UA veterinary students learn shelter medicine at Arizona Humane Society
Dec. 15, 2022
More and more households have pets, but there are aren’t enough veterinarians to take care of them.
But a program is in place to help train future vets. Some veterinary students students are getting a chance to get some hands-one experience at animal shelters, including the Arizona Humane Society (AHS.)
Each month, 8 to 10 students from the University of Arizona come to the AHS for the rotation, often spending up to 40 hours a week at the shelter’s teaching hospital. We spoke to AHS staff vet Dr. Kathleen Croteau and student Santana Nez about the program.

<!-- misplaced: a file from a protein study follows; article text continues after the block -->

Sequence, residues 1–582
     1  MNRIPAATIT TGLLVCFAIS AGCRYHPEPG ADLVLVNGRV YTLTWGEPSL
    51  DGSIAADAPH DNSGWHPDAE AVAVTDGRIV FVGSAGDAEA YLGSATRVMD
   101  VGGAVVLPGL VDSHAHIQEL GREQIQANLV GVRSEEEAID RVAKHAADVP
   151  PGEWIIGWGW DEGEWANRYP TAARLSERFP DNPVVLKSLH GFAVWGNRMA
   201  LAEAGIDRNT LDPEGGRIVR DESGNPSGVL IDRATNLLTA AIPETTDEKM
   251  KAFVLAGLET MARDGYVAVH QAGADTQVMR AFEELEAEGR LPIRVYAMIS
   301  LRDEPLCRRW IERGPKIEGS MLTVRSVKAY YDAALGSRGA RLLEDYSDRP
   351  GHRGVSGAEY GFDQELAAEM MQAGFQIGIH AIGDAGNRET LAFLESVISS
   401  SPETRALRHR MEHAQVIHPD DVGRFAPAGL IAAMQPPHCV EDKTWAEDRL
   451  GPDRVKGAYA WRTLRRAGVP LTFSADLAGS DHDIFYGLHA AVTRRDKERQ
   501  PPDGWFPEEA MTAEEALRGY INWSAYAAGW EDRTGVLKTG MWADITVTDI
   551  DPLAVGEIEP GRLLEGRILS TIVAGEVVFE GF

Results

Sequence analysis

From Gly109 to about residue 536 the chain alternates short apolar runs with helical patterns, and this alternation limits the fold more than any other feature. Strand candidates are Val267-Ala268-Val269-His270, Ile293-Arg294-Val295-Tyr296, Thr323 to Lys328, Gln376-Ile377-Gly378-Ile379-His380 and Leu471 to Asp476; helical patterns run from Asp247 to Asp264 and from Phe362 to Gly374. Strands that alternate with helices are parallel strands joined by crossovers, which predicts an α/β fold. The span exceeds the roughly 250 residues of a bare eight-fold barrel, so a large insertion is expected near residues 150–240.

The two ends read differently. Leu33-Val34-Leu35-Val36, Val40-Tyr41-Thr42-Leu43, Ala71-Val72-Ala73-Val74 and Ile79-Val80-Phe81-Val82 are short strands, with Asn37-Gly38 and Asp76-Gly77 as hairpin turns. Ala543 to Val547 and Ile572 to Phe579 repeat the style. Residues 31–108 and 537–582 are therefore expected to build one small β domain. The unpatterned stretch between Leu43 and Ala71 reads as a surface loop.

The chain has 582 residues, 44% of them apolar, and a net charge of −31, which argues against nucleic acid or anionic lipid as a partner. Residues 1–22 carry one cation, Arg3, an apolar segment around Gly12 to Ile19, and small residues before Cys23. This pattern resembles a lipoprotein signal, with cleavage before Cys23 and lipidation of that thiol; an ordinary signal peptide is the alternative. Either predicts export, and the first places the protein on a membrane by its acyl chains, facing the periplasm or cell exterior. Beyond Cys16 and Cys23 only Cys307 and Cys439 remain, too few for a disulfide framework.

Students doing the rotation also get to help in the Second Chance Animal Trauma Hospital, which is like an emergency room for homeless pets. That hospital treats about 11,000 animals every year.
The students can also shadow field crews who go out into the community to save animals in need. Sometimes the animals are suffering in the heat, and sometimes they’re rescued from pet hoarding houses.
The rotation includes:
- AHS’ trauma hospital – an emergency room for homeless pets
- Spay/neuter shelter surgery
- Medical appointments for foster pets
- Intensive care units – Parvo Puppy ICU, Bottle Baby Kittens, Kitten Nursery & Mutternity Suites
- Community medicine & Field Operations which consists of AHS’ rescue efforts
You can learn more about the program at:
AHS thinks about 100 students will complete the program in the next year.